A Million Flamingos again - but where are the pelicans?
Lake Nakuru National Park is alive again after flamingos recently rediscovered their old home which they had deserted for over two years. The lake is now teeming with a million flamingos again and the pink shoreline which has traditionally been the park's trademark is now restored, hopefully for good.
The flamingo is an elegant pink bird that inhabits saline waters of East Africa. And it is highly gregarious often forming large flocks that are a fascinating spectacle to watch especially when flying and courtship displays. The East African lakes are estimated to host 95% of the world flamingo population which are confined in four lakes: Lakes Manyara and Natron in Tanzania and Lakes Nakuru and Bogoria in Kenya.
Lake Nakuru is often tipped by researchers as flamingos' favourite feeding site and has recorded a population of nearly 2 million birds in the past earning the respectable name as the "home of million flamingos" besides its international reputation as the "biggest ornithological site on earth" on account of the incredibly high biomass of water birds that stuns every visitor.
For the last two years, however, flamingos had virtually deserted Lake Nakuru, inviting all manner of speculation from researchers and managers. It was blamed on receding water volume, pollution of the lake and even loss of salinity in the water, none of which sounded convincing especially now that flamingos have come back in the thick of those very circumstances! Intermittent deaths last year also caused some scare in the travel industry as it coincided with anxiety surrounding possible spread of bird flu into East Africa.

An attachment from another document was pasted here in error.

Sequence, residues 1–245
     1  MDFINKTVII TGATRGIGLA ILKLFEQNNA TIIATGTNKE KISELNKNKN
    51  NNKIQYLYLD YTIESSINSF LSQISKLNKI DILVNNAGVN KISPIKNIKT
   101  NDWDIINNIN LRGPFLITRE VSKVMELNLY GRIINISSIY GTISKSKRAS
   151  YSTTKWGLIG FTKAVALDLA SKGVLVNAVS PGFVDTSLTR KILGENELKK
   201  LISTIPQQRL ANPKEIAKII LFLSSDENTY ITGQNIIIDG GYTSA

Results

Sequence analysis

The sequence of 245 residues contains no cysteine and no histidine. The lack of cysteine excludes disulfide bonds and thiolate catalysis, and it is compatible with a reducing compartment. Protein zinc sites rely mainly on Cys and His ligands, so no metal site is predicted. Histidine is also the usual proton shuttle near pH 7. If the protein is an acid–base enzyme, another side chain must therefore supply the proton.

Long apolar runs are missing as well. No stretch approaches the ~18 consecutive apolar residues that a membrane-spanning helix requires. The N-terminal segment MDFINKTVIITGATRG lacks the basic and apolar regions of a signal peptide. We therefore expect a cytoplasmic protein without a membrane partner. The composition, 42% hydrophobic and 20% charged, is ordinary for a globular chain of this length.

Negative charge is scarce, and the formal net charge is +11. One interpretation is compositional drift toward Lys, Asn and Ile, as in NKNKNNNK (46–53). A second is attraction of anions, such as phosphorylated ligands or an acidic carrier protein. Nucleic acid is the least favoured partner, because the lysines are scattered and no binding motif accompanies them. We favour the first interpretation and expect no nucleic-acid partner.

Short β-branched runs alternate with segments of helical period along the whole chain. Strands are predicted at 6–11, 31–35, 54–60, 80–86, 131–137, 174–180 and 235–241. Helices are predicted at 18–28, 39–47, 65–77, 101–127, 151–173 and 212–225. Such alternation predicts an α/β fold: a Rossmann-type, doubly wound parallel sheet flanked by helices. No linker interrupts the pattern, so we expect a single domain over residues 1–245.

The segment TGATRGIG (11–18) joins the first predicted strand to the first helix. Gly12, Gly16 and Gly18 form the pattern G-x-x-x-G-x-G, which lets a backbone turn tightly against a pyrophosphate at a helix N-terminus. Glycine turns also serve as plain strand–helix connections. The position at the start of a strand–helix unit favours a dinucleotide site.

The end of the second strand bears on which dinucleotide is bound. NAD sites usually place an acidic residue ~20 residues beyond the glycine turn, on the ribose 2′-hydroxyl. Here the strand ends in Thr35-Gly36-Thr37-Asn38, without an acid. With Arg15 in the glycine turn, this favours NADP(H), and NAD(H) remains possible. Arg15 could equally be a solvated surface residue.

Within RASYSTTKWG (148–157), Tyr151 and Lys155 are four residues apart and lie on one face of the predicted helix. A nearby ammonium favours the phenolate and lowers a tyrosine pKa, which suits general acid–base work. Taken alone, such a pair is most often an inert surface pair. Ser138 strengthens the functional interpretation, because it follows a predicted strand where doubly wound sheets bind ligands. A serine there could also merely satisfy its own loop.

Mystery of Flamingos
Flamingos' come back, while most welcome, has however raised more questions than answers: First, why did they flee Lake Nakuru for two years? Perhaps it is just in keeping with their tag of mystery. In 1958, Leslie Brown published The Mystery of Flamingos which documents many things that were unknown then. And it seems flamingos are determined to remain a mysterious species to the foreseeable future. Secondly, where are the pelicans, the stoutly elegant birds that had invaded the park around Njoro River mouth and Baharini Springs? The mystery depends.
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